The Hurting Place

IMG_2988

In Elaine Marshall’s talk Learning The Healer’s Art, she shares this story:

“My mother once told me of an experience she had one winter morning as she drove down to check the cattle in the lower pasture. She noticed a car off the side of the road. Inside she recognized a young mother and three children. When my mother asked if they needed help, the woman tearfully reminded her that this was the place of the accident two weeks earlier that had killed her husband. She answered, ‘We are just here to feel the hurt.'”

This story has always stuck with me and so a few months ago I chose a place to go to “feel the hurt.”

IMG_3198

This is it. It is a lovely little memorial near my home to honor veterans of all the branches of the military. I come here often. I pray and I ponder. I sit and I cry. A few times the hurt was so overwhelming that I have fallen to my knees and weeped that loud, painful cry that comes from the center of the soul. I like it here. To me it is peaceful. It is safe.

IMG_3443

“Healing is active—you have to be there. Your friend or your husband or wife or your mother cannot do it for you. You have to face the problem and the pain. To begin healing, you must acknowledge and feel the hurt. Only those who don’t feel, those without conscience, cannot heal.”

IMG_2983

IMG_2976

“I assumed cure, care, and healing to be synonymous. I have learned they are not the same. Healing is not cure. Cure is clean, quick, and done—often under anesthesia. The antibiotic kills the pathogen; the scalpel cuts out the malignancy; the medication resolves the distorted chemistry. Healing, however, is often a lifelong process of recovery and growth in spite of, maybe because of, enduring physical, emotional, or spiritual assault. It requires time. We may pray for cure when we really need healing. Whether for cell reconstruction, for nerve and muscle rehabilitation, for emotional recovery, or for spiritual forgiveness, healing needs work and time and energy. Healing cannot happen in a surgical suite where the pain is only a sleepy memory. Cure is passive, as you submit your body to the practitioner. Healing is active. It requires all the energy of your entire being. You have to be there, fully awake, aware, and participating when it happens.”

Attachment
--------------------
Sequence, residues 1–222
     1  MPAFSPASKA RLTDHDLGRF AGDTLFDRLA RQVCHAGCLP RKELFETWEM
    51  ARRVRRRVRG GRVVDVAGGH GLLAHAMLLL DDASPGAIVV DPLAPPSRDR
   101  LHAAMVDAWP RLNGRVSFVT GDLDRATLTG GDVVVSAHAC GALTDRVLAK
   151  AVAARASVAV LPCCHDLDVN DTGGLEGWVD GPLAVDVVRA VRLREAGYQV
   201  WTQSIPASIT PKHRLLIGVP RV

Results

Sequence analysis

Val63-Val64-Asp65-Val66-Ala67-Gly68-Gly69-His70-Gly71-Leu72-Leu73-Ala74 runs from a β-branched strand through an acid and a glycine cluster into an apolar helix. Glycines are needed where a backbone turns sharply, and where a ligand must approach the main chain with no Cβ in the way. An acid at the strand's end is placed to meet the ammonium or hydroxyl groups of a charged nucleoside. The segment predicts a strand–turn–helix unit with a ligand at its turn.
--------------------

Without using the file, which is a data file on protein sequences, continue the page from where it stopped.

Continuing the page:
Dear Veterans, thank you. I cannot even begin to understand the many sacrifices you have made to serve our country. I respect you. I honor you. I love you. Thank you. I want to be here for you. I will be your Brotherhood.

Below is a great video about the importance of and how to ask Veterans about their service. Please take the time to watch. And more importantly, take the time to be there. Keep kind and carry on. xoxo

If you struggle with PTSD please scroll up to the top of the page and click “Find Help Here.”

Channeling Demi

Music is powerful.  It has the power to bring me low or bring me high.  It can validate the way I am feeling when I am feeling like no one understands.  It touches the soul.  It makes me sing.  It tells the truth and very often- it tells my truth.  Listening to Demi has been healing for me in my recovery.  One song that describes how I feel about My Buffalo Guy is “In Case.”  One that describes how I am trying to feel about myself is “Warrior.”

This morning I saw this Clean and Clear add featuring Demi.  I loved it.  I loved how she talked about being a real person who doesn’t always have it together.  I am not famous but I know what she is talking about and I am sure you do too.  Sometimes I feel like others view me as having it all together.  Whether that is true or not, I feel the pressure of that way of thinking.  I also loved how Demi talked about therapy.  I go to therapy every week.  Therapy is hard work.  Really. Hard. Work.  But worth it.  It has made a difference in my life.  It has saved my life.  Read more about my therapy experience HERE.

So thank you Demi.  Thank you for being brave.  For being honest.  In word and song. You sharing your truth has helped make me feel more the warrior I am.  Your music has played on repeat many of times as I have broken down and cried in the shower.  They have played so loud in my car , drowning out my own voice as I sang along.  They have pushed my feet to move one step after another on my daily runs.  Your music has not only validated but made me strong.  Thank you.

In the Pit of My Stomach

In the pit of my stomach, in the center of my heart.  In every thought in my mind.  It makes my brain come alive.

You know that feeling.  It courses all through your body.

Triggered.  A mix of scary, excitement, feeling.

A reminder of loss.  Reliving the hurt.  All the things he said.  But also all the good. There is still hope inside of me.

It is as if I am slowly dying.

Everyone tells me it gets better.  But in moments like these there is no better.  Only love with no place to go. Except to the pit of my stomach, to the center of my heart.  To every thought in my mind making my brain come alive.

I will probably be out of commission for a few days.  Breathing.  Taking my time.  Grieving.  Passing through every stage.  Again.

IMG_3009

This is my favorite necklace.  My mom bought it for me when we were in Park City this past April.  I always think how My guy on a buffalo could probably tell me what kind of rock it is,